It’s chilly and windy and wet and overcast, yet there are occasional bursts of sun on this strange-weather Sunday morning. It’s actually just after noon, so it’s technically the afternoon, but it still seems like morning to me. I’ve got a steaming cup of chai and a slice of delicious vegan Date Bread in front of me. I also have a piece of vegan chocolate brownie from a vegetarian cafe downtown. Both are yummy (this is the first time I’ve used apple sauce in my Date Bread in place of egg, and it is a delicious substitute!).
Since it is so late in the day, this will be a short post. I read an interesting book last week by Australian author Jesse Blackadder. I don’t know where I heard of this book, but In the Blink of an Eye was definitely a good read. This novel, based on the author’s own experience in her childhood, is told from the points of view of three family members, father Finn, mother Bridget and son Jarrah, as they face the aftermath of the drowning of young son and brother Toby, a tragedy that changes their lives forever. It was really well-written, but I felt it was a bit too repetitive, and I didn’t love the ending. Still, since the whole book takes place over a relatively short period of time, it makes sense that it would be focused mainly on the immediate grieving experience, and since we have three people telling the same story from their own viewpoints, it stands to reason that it would get a bit repetitive. Overall, it was a good book, and if this is the type of book you enjoy reading, then I would recommend it.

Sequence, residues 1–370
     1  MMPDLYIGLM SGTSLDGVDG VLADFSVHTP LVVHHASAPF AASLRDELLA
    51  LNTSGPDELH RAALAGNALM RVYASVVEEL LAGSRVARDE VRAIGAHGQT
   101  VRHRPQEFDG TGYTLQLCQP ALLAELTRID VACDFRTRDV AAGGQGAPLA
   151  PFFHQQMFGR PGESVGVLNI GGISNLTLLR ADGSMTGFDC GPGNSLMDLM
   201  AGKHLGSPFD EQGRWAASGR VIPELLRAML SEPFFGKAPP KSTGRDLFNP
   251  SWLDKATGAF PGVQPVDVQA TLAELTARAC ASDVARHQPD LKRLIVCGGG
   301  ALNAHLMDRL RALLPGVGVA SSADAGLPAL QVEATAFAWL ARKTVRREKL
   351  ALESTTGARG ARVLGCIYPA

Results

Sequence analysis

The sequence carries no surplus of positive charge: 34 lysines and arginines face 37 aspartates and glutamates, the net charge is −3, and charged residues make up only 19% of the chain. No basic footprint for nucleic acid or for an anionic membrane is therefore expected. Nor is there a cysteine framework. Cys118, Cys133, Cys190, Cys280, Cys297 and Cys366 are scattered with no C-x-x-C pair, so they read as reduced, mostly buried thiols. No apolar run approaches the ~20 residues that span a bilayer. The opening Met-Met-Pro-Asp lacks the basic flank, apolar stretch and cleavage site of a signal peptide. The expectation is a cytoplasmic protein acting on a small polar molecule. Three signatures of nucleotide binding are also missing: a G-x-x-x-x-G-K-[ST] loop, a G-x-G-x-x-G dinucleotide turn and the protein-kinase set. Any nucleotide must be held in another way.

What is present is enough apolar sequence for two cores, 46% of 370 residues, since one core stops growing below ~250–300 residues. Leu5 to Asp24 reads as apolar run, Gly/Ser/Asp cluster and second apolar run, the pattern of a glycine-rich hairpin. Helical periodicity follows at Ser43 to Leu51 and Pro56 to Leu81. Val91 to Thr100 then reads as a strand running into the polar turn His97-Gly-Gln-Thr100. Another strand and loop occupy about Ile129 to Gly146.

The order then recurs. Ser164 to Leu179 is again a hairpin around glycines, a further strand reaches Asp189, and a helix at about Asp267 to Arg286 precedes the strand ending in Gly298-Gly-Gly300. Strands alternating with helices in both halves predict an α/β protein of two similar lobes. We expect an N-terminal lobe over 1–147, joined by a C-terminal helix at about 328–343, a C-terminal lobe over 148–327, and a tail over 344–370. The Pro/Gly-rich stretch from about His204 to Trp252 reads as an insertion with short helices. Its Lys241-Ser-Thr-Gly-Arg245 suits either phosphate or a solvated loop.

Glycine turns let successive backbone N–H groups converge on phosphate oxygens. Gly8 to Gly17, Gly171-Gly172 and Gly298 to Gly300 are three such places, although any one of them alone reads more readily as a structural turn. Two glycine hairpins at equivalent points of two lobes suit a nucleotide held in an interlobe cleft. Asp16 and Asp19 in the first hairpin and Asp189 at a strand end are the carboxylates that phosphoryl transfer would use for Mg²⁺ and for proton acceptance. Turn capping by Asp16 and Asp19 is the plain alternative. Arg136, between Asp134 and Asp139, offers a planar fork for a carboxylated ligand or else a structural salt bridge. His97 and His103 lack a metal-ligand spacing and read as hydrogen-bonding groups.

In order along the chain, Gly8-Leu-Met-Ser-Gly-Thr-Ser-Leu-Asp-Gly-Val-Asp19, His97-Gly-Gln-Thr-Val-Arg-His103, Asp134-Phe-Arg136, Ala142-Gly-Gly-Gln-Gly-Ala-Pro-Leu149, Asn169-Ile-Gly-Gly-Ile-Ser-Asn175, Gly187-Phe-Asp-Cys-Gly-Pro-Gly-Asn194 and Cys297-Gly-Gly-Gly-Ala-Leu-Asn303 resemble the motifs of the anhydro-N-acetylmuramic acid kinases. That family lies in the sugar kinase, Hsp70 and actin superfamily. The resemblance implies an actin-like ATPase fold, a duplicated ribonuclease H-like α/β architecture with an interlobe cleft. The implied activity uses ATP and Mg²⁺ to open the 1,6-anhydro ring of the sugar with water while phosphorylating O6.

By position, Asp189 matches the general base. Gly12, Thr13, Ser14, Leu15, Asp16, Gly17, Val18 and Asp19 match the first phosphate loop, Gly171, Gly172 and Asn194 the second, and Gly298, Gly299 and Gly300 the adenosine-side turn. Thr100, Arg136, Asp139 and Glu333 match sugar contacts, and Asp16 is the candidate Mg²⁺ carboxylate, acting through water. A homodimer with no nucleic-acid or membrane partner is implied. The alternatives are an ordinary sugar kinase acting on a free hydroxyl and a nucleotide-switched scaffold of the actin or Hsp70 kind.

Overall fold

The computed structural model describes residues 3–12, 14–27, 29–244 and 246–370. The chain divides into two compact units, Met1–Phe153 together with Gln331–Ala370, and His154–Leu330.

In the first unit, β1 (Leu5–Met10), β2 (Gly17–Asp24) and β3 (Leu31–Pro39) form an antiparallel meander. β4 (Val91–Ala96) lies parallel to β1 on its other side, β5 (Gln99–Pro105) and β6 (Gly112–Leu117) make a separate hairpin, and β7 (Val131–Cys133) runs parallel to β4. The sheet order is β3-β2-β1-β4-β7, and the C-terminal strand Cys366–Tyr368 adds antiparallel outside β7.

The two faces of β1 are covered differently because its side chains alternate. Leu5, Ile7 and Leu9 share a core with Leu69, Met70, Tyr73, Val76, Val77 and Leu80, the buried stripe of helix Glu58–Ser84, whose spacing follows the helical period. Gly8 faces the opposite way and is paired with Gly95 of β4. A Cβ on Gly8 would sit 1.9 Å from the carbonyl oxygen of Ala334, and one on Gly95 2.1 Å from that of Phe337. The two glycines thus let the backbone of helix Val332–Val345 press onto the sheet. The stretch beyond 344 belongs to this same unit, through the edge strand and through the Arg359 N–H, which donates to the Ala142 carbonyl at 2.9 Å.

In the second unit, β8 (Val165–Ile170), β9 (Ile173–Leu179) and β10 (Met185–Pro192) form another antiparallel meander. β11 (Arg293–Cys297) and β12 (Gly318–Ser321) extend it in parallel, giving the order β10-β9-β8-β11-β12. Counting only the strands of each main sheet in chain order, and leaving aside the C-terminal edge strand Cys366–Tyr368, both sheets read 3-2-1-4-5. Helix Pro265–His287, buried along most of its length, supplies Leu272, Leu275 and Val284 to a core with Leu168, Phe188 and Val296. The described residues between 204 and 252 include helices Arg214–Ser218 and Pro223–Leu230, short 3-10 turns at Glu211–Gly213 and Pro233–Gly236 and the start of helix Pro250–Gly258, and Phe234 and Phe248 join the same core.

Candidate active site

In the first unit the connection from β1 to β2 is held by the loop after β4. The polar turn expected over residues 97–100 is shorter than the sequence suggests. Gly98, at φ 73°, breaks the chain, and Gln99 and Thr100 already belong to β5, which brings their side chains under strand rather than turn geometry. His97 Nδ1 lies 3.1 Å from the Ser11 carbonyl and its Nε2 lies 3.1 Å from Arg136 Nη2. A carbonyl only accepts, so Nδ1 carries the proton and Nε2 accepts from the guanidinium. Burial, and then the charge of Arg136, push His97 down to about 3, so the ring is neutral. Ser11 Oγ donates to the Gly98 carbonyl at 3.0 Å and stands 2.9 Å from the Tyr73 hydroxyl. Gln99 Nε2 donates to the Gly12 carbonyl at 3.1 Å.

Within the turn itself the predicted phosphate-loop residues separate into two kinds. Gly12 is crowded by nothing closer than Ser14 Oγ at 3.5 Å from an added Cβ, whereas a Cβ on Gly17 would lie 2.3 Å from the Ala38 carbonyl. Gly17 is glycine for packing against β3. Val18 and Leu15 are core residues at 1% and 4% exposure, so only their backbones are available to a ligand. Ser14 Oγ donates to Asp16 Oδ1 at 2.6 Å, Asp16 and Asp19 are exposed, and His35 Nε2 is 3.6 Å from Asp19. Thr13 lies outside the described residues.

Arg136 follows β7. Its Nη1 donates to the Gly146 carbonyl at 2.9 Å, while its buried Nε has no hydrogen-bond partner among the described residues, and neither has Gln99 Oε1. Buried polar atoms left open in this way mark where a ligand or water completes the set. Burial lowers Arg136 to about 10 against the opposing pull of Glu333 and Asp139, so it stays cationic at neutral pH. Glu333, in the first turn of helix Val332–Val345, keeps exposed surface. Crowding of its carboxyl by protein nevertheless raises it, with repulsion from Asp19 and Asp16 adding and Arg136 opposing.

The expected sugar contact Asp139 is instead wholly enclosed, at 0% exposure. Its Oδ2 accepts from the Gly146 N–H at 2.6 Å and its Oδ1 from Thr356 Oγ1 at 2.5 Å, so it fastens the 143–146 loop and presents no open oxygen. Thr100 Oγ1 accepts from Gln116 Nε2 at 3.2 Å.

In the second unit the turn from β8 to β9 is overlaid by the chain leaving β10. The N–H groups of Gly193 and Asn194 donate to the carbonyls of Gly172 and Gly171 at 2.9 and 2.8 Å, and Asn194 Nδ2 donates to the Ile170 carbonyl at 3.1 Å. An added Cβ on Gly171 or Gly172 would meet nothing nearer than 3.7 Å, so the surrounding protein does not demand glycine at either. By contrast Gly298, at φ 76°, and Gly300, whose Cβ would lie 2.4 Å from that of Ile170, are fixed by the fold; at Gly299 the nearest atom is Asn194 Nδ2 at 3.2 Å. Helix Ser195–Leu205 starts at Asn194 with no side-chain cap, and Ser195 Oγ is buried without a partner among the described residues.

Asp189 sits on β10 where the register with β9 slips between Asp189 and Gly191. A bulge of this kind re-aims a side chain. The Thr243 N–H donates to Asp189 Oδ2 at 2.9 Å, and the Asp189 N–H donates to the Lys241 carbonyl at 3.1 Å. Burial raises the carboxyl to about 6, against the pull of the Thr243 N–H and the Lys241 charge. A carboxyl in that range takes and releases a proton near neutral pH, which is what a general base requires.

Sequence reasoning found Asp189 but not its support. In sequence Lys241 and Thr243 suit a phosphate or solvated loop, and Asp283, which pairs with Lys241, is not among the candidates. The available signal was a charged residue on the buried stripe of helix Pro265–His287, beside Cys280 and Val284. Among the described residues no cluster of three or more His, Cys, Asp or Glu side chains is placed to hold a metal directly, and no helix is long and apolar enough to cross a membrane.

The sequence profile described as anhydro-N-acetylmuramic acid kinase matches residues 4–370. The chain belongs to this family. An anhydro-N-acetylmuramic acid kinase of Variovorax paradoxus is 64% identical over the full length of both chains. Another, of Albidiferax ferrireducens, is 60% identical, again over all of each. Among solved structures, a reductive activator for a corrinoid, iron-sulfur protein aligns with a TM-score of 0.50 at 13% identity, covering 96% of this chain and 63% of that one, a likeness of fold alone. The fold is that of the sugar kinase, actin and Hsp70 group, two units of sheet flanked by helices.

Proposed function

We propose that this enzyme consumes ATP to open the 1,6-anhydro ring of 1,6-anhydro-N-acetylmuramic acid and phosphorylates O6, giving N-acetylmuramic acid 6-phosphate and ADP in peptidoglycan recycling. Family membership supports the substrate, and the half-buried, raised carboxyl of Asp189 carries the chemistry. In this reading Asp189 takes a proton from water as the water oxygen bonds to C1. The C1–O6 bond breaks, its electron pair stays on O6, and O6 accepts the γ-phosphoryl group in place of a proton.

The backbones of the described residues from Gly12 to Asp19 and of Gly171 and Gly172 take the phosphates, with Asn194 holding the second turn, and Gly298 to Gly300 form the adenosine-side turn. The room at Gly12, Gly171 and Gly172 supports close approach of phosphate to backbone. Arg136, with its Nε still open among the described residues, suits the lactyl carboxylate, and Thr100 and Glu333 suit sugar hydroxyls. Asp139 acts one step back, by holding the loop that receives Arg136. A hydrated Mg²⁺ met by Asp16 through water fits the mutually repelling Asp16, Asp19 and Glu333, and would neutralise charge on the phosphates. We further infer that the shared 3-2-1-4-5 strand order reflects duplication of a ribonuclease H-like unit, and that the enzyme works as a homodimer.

And I finished listening to an audiobook last week, Peter May’s The Blackhouse. This is the first in a trilogy, and I would definitely be interested in listening to the other two books. Finn Mcleod is a detective in Edinburgh who has been on leave for the past month due to the loss of his son. He goes back to work and is sent to join the team of police and detectives in a remote village on the Isle of Lewis off the coast of northern Scotland as they investigate the murder of local bully and thug, Angel McCritchy. Finn grew up in this village and so can relate to the residents, and he speaks Gaelic. He is also sent because he was the lead detective in the investigation of a similar murder in Edinburgh before his leave, and must determine if these murders are linked. He hasn’t been back to the island in nearly twenty years, and his return brings hearty welcomes from some and utter contempt from others. As he reconnects with people and places from his past, he is forced to reflect on his childhood experiences and face it all, no longer able to run away and hide from everything that made him the person he is today. What follows is less a murder mystery than a series of personal recollections and stories that, while relating to the case, are sometimes too detailed and overlong for my liking. It was, however, well-written and I didn’t mind the details, as I love the wild, savage beauty of the Scottish landscape and will willingly enjoy it vicariously through May’s books. And once I realized that there would be many of these recollections, I readjusted my expectations and just went along for the ride. If you are expecting a fast-paced thriller, this might not be the book for you, but I enjoyed it and will look for Book Two on Overdrive Media to download and listen to.
That’s all for today. Enjoy the day and make time to read!Bye for now…
Post a Comment